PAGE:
Every day some lonesome recluse, some unruly fourth grader or some irate citizen unnecessarily scribbles or screeches their protest for or against a cause they deem worthy or unworthy. My two-year-old niece once physically curled and then hurled objections at my taking away a knife from her. Although I love her, I must say that a rant so useless must be barred, especially since the cause she deemed worthy may very well harm her.
Now, in the case where a cause is virtuous, I still don’t see the need for rants and fulminations. Firstly, one can just as easily communicate their convictions in a casual, understanding tone. And secondly, a casual tone provides opposers the opportunity to change their minds. For example, if my friend, Felix Rodriguez, sincerely loves to lick street pavement, I could scream, “What is wrong with you! That’s nasty! You should never do that again, especially in front of me! I’m going to vomit on your street pavement and make you lick it!”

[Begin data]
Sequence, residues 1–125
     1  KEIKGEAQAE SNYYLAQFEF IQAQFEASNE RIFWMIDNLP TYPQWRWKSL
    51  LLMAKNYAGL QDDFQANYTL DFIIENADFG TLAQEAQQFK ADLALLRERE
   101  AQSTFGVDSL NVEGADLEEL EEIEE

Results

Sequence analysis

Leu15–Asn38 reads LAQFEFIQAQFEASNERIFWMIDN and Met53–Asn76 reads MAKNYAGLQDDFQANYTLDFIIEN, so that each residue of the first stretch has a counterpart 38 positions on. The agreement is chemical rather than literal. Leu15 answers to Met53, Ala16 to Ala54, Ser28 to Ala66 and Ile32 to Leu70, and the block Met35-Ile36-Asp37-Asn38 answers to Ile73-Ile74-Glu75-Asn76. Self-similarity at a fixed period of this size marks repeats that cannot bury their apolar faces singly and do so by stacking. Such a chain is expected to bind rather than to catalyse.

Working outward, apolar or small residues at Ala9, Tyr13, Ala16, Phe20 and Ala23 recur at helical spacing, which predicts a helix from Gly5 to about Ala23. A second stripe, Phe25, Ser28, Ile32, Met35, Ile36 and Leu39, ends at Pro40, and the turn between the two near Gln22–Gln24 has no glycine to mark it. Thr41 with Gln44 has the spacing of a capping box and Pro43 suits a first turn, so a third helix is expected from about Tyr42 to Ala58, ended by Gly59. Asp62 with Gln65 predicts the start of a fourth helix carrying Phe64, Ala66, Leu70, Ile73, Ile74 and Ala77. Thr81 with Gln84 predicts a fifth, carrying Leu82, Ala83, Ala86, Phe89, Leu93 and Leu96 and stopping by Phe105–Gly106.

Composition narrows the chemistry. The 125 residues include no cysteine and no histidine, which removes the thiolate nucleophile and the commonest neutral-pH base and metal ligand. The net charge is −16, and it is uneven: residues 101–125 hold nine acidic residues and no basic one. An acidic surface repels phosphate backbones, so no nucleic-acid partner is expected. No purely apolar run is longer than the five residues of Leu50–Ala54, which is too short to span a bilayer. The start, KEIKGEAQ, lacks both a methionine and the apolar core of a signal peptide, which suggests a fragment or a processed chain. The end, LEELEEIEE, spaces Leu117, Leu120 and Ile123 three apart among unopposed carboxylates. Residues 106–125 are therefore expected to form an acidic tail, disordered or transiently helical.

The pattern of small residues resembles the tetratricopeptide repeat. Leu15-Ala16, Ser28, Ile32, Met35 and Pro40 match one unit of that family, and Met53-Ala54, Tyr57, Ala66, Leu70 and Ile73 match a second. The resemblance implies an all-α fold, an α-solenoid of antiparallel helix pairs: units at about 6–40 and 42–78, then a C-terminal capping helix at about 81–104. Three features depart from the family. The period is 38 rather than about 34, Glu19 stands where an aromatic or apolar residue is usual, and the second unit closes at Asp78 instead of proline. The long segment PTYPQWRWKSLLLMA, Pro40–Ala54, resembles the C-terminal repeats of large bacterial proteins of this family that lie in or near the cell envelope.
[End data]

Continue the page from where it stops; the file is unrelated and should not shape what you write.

Or I could pragmatically warn him, “Felix, street pavement has been known to cause inner-asphalt disorder, where one’s intestinal tract becomes hardened, blocking food and liquid from effortlessly flowing, ultimately putting you in the hospital.” While certainly this is a lie, I’ve at least given him relaxed and practical reasons to stop. A rant may only cause him to rebel more, moving from street pavement to sidewalks, and it also may break our friendship.